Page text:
Humans with severe insulin-resistant diabetes due to dominant-negative mutations that inactivate peroxisome proliferator-activated receptor-γ (128) have very low circulating adiponectin levels (129). Thiazolidinedione (TZD) agonists of peroxisome proliferator-activated receptor-γ increase adiponectin expression and circulating levels in rodents (105,108,129–131) and plasma adiponectin levels in nondiabetic subjects (132) and in patients with type 2 diabetes (132–134). In contrast, plasma adiponectin was unchanged in response to metformin (134). In addition, the improvement of insulin sensitivity during TZD treatment was related to the increase of circulating adiponectin (134). It is possible the effects of TZDs to increase whole-body insulin sensitivity (135) and to protect against cardiovascular disease (136) could be mediated by increased adiponectin production. Adiponectin gene expression is reduced by TNF-α (130,137–139), interleukin-6 (139,140), β-adrenergic agonists (141–143), or glucocorticoids (13,144). Adrenalectomy increases adiponectin gene expression and circulating adiponectin levels, along with insulin sensitivity in ob/ob mice (145). The effects of cytokines, catecholamines, and glucocorticoids to induce insulin resistance could be mediated, in part, by their effects to decrease adiponectin production (Fig. 1).
The role of insulin in the regulation of adiponectin production is not yet clear. There are reports that insulin can either stimulate (144,146) or inhibit (138) adiponectin gene expression or secretion in cultured adipocytes. A modest decrease of plasma adiponectin was observed during a 5-h hyperinsulinemic-euglycemic clamp (132). However, plasma adiponectin levels increase in patients with type 2 diabetes during sulfonylurea treatment, which stimulates insulin secretion (147). In contrast to the marked decline of circulating leptin concentrations in response to acute energy restriction (148), the increase of adiponectin during acute energy restriction in humans, with little change in body fat, is relatively small and depends on sex (149). Circulating adiponectin concentrations are increased by exercise training when body fat content is reduced (150,151), but they do not change if body composition is unaltered (152). A recent study reported a diurnal pattern of circulating adiponectin concentrations in six normal-weight male subjects, with a nocturnal decrease of ∼20% below 24-h mean levels (153). However, this diurnal pattern of adiponectin concentrations was not apparent over a 24-h period in six female subjects consuming three high-carbohydrate meals that induce large postprandial insulin responses, suggesting another potential sex difference (K. Teff, P.J.H., unpublished data). Available data suggest that infusion of fatty acids (Intralipid) (154), insulin and glucose administration (132), insulin responses to meals, and acute energy restriction (149) have, at most, modest effects on plasma adiponectin concentrations.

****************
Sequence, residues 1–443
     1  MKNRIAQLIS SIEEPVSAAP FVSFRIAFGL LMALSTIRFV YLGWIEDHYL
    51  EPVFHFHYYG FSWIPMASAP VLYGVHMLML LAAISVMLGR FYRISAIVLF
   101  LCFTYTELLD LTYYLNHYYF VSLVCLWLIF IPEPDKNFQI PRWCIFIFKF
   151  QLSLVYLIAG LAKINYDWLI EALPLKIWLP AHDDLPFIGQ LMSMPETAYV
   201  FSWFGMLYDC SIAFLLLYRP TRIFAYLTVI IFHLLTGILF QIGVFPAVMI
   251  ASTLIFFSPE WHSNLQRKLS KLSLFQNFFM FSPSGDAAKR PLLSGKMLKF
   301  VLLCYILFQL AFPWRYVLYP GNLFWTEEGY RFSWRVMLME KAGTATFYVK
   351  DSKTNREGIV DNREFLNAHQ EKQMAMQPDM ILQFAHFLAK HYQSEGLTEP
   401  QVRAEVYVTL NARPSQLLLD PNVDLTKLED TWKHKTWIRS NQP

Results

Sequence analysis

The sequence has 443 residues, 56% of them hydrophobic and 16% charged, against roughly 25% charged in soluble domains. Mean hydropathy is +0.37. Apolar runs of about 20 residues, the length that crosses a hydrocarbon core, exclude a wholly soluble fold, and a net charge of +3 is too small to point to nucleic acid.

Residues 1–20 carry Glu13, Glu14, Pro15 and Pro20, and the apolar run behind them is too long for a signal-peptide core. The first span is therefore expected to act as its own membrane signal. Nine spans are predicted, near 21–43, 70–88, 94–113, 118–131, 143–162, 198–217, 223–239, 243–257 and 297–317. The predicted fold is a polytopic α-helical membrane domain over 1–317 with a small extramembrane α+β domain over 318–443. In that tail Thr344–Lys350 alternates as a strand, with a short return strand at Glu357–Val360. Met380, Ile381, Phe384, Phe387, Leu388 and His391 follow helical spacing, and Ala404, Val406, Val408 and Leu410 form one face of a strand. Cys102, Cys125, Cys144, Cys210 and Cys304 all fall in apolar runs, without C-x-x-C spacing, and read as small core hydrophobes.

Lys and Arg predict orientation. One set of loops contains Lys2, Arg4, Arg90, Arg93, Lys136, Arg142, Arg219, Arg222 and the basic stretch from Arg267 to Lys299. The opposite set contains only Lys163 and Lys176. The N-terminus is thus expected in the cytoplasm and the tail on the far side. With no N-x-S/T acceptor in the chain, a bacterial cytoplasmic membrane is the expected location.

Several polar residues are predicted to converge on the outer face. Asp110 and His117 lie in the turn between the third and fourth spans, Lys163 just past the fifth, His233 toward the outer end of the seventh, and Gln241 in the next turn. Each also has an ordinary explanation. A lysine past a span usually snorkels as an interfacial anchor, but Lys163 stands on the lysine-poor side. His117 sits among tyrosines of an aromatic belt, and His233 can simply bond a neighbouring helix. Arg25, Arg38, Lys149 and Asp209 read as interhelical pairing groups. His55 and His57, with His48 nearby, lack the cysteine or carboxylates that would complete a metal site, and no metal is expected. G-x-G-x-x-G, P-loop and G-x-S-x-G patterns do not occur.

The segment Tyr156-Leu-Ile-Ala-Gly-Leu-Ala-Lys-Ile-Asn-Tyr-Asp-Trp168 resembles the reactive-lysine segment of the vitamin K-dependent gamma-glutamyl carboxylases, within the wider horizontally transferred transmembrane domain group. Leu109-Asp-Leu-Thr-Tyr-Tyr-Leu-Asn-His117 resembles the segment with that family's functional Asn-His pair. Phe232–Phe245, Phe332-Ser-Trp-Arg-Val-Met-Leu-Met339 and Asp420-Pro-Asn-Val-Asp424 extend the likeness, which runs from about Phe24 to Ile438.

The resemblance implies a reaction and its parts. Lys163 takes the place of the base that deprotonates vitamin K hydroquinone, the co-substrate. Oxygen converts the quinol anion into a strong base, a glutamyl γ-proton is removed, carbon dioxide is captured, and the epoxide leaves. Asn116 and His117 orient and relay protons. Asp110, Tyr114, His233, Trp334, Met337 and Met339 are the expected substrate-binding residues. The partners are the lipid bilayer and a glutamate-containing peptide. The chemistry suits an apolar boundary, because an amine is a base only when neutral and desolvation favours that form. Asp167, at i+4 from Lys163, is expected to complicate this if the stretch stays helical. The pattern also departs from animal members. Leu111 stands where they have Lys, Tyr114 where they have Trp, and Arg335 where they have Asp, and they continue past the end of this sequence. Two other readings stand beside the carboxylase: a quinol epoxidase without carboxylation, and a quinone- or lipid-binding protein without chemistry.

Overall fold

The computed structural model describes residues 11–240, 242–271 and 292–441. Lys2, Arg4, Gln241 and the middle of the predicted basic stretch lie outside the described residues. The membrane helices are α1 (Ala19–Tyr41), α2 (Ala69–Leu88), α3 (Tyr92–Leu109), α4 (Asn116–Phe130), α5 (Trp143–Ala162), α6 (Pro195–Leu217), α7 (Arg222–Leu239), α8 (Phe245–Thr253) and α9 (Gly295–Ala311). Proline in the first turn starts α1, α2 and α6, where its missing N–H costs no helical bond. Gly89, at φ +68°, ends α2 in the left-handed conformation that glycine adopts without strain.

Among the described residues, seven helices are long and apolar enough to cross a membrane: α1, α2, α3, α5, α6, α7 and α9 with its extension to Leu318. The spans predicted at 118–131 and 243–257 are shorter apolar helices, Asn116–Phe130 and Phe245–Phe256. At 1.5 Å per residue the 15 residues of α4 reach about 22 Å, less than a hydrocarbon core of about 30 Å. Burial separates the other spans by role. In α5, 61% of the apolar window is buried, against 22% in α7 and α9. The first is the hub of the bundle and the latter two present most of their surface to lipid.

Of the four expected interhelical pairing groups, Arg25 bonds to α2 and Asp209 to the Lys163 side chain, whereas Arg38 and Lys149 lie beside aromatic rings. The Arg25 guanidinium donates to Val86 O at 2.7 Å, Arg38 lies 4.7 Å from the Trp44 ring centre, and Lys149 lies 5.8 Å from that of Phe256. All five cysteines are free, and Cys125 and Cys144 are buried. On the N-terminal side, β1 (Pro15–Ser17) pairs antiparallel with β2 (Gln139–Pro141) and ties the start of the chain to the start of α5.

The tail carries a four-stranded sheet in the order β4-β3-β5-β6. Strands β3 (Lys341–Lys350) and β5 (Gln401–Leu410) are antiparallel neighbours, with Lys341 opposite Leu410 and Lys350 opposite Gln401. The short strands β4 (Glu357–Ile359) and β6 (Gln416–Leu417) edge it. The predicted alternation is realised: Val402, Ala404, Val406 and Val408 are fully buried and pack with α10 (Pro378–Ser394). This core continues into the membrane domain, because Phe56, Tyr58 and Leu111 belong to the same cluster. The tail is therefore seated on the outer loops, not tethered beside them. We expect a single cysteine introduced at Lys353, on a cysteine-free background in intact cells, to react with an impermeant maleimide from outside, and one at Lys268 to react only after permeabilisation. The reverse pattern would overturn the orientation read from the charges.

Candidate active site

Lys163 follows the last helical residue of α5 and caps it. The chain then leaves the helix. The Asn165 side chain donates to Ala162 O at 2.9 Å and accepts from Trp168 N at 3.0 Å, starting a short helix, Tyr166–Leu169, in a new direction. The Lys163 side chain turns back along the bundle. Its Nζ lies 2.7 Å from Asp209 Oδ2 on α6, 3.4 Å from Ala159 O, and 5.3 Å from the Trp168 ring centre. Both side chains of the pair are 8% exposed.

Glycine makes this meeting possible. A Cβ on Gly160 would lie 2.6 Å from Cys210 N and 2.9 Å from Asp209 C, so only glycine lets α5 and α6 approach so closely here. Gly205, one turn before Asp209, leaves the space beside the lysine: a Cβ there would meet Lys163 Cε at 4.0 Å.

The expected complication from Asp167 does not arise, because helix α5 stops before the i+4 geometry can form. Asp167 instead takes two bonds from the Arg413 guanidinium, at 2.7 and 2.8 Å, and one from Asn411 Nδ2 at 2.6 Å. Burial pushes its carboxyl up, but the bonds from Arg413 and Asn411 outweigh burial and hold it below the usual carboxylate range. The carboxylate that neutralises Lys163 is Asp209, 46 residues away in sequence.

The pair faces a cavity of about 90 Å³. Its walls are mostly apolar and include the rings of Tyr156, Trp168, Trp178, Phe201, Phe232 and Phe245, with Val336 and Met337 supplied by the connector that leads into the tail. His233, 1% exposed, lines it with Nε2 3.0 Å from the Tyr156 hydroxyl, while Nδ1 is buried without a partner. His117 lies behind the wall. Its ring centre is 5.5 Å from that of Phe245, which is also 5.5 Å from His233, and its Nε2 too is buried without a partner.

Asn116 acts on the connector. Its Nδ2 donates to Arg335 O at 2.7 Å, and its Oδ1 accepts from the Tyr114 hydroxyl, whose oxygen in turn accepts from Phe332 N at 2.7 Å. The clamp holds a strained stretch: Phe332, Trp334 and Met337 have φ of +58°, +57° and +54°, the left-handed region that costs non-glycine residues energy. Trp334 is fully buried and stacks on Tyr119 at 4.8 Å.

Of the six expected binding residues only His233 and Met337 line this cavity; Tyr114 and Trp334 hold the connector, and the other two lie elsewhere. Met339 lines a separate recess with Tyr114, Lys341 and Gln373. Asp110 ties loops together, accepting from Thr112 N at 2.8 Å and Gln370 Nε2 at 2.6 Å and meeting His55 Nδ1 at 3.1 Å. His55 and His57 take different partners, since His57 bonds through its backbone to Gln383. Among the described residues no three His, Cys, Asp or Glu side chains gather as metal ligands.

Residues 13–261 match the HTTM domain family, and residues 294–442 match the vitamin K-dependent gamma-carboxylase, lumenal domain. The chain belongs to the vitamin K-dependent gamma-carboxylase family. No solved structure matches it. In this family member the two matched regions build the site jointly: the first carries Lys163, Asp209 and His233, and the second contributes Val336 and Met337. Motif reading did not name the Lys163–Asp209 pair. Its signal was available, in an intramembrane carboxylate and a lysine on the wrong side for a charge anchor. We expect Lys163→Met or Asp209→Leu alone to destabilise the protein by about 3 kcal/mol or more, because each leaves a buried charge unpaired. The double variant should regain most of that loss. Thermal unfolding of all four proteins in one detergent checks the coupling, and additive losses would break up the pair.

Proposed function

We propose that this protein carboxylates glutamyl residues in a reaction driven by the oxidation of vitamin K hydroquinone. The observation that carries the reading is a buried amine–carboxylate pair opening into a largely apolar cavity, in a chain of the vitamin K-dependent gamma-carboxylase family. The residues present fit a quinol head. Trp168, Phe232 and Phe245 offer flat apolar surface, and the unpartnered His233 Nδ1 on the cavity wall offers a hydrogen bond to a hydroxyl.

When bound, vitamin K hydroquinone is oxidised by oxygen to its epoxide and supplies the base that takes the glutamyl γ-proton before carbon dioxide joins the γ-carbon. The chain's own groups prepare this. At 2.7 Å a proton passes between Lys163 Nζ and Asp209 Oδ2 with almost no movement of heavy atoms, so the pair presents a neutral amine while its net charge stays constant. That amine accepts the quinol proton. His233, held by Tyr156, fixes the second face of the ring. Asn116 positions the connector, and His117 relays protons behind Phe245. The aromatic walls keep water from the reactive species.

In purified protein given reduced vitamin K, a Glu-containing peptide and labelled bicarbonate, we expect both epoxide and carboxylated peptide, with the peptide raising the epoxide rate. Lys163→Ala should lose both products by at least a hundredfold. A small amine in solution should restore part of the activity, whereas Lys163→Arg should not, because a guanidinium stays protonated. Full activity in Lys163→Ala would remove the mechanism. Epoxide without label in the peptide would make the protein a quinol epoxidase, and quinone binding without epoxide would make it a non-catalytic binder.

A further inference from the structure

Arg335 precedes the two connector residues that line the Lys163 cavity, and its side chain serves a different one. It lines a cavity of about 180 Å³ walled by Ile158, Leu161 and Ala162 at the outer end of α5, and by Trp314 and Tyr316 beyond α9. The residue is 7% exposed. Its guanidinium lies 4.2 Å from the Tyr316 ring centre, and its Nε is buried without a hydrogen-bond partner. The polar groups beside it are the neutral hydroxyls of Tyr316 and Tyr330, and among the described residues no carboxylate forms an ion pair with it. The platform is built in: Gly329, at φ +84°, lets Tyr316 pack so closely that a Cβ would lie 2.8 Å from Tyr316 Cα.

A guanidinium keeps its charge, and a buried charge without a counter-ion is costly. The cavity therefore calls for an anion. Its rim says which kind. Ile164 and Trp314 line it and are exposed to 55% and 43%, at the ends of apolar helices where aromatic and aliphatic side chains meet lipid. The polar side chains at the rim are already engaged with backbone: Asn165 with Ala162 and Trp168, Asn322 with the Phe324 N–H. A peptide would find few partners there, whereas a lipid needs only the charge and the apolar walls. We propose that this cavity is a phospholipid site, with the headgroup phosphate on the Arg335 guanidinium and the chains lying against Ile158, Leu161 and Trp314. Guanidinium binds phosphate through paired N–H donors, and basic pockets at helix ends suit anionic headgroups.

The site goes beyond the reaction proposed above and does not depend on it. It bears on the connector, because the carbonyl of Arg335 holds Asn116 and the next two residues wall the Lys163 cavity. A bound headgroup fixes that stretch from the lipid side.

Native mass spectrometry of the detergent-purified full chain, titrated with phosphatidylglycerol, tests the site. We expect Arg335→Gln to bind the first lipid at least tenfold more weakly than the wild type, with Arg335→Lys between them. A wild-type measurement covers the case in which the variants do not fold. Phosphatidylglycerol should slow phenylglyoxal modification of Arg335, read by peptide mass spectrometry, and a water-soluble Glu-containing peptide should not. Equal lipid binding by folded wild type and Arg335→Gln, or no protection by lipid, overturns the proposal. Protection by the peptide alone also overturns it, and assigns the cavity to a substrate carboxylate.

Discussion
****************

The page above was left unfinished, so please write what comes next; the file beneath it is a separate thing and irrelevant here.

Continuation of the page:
A large number of proteins produced by adipose tissue, both intracellular and secreted, function, in concert with the CNS, liver, and muscle, in the coordination of energy homeostasis and fuel metabolism. Among these proteins, alterations in the production of the hormones, leptin, ASP, and adiponectin appear to have substantial effects on body adiposity and insulin sensitivity. The processes involved in regulating energy homeostasis and intermediary lipid and carbohydrate metabolism are inextricably linked by common neuroendocrine mediators, including, leptin, ASP, and adiponectin. The production of all three adipocyte hormones appears to be regulated by nutritional status, i.e., feeding, fasting, and/or weight loss. A more complete understanding of the molecular and biochemical pathways regulating the biosynthesis of these hormones and their precise mechanisms of action is likely to lead to new approaches for managing obesity, dyslipidemia, and insulin resistance/type 2 diabetes (4).
This article is based on a presentation at a symposium. The symposium and the publication of this article were made possible by an unrestricted educational grant from Les Laboratoires Servier.